Tensions have escalated in the At Tanf area as an Iranian-backed militia force has pushed into a deconfliction zone that surrounds the At Tanf garrison where training conducted. The U.S. has conducted three airstrikes over the past month against those forces as they entered the deconfliction zone and moved towards At Tanf.

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Tropical Storm Bret pounds Trinidad 

iStock/Thinkstock(NEW YORK) -- Tropical Storm Bret delivered a direct hit to Trinidad and Tobago early Tuesday morning, leaving a trail of devastation behind.

Bret began pounding away at the small twin-island republic late Monday night, with the southern part of Trinidad being hardest hit.

According to the National Hurricane Center, maximum sustained winds neared 40mph, with higher gusts, at times.

Disaster response officials say crews will be out working to restore power on Tuesday, after the storm left many homes in the dark, some of them without roofs.

So far there haven't been any reports of storm-related deaths. However, elderly patients at a psychiatric hospital narrowly escaped injury, after a tree came crashing through the roof, according to published reports.

Posts on social media showed widespread flooding on streets and even in homes. Some roads becoming impassable because of fallen trees and utility poles.

Up to early Tuesday, officials said all flights out of Trinidad and Tobago have either been "suspended or canceled." However, the country's two airports remained open with limited operations.

The storm hasn't done the usually unreliable public transportation system any favors, as officials say there will be limited bus service on Tuesday, depending on whether roads are accessible.

Coming off a long weekend -- Monday was Trinidad's Labor Day holiday -- students are getting an extra day off, as all public schools, as well as university campuses will be closed on Tuesday. Banks will also be closed. However, Prime Minister Dr. Keith Rowley said there was no need to close government offices.

The effects of the storm were also felt along the northeast coast of Venezuela and in some parts of Grenada.

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London mayor on attack against Muslims: 'Terrorism is terrorism'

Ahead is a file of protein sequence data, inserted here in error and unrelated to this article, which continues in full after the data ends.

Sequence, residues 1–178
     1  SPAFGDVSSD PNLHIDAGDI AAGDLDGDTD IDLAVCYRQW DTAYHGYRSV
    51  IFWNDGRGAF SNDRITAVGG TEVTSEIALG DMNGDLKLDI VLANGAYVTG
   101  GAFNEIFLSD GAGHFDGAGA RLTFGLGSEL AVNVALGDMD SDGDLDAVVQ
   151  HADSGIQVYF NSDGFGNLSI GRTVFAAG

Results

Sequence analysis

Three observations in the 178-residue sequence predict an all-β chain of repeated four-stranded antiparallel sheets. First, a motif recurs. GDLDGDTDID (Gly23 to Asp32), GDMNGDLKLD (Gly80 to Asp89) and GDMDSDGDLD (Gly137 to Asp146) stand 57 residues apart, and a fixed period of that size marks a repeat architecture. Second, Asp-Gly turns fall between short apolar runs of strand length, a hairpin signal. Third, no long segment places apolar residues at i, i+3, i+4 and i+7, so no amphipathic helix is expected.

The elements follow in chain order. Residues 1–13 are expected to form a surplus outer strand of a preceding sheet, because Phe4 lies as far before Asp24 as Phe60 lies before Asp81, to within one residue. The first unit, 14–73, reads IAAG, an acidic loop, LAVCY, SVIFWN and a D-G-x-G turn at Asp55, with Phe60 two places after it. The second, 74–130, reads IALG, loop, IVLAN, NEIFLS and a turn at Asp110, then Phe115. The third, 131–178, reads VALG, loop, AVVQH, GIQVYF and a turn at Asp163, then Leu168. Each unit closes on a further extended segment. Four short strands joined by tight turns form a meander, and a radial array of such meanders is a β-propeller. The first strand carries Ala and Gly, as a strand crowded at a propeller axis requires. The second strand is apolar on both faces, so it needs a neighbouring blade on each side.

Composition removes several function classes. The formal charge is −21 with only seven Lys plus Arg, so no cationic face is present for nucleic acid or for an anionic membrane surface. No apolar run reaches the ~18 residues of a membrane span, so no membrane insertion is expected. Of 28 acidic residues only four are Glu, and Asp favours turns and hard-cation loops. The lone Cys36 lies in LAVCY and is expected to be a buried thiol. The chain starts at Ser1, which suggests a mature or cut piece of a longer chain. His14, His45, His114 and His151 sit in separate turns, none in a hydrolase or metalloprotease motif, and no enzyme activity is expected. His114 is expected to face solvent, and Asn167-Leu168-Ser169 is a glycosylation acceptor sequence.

iStock/Thinkstock(LONDON) -- London's Metropolitan Police commissioner announced that the Muslim community attending prayers will see police protection in the wake of a man driving a van into a crowd of people outside a mosque in what authorities called a terrorist attack.

One person who had been receiving first aid before the attack, which occurred just after midnight prayers on Monday, died on the scene, but it is unclear at this time whether he died as a result of what took place.

At least 11 people were injured in the incident, and the London Ambulance Service said in a statement Monday that it took nine patients to three hospitals in the city and treated others at the scene for minor injuries.

A 48-year-old man was arrested at the scene on suspicion of attempted murder. No other suspects have been identified, police said.

Metropolitan Police Commissioner Cressida Dick said the incident, near Finsbury Park in the north of London, was "quite clearly an attack on Muslims."

She later told reporters Monday, "The people in the Muslim community attending prayers will see their police protecting them in the coming days and nights."

Prime Minister Theresa May called the incident, which mirrored other high-profile terror attacks in which vehicles were used as weapons, "every bit as sickening as those that have come before."

London Mayor Sadiq Khan said "terrorism is terrorism."

"It doesn't matter whether you're inspired by a perverse force of Islam -- a perverse version of Islam -- or by you're inspired by some other motives to try and terrorize others. The intention is the same, to divide communities, to make us stop leading the lives that we do," he said.

Khan said there has been a spike in hate crime, including against Muslims, since the recent London bridge attack.

Eyewitnesses interviewed by ABC News said people had gathered outside the mosque after prayers when the van drove into them.

A man identified as Jermain Jackman told the BBC the sidewalks were "packed with people walking home" when the incident occurred.